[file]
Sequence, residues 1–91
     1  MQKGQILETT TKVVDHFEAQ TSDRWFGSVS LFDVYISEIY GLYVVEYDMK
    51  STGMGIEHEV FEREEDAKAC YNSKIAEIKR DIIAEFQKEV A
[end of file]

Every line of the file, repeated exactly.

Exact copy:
Sequence, residues 1–91
     1  MQKGQILETT TKVVDHFEAQ TSDRWFGSVS LFDVYISEIY GLYVVEYDMK
    51  STGMGIEHEV FEREEDAKAC YNSKIAEIKR DIIAEFQKEV A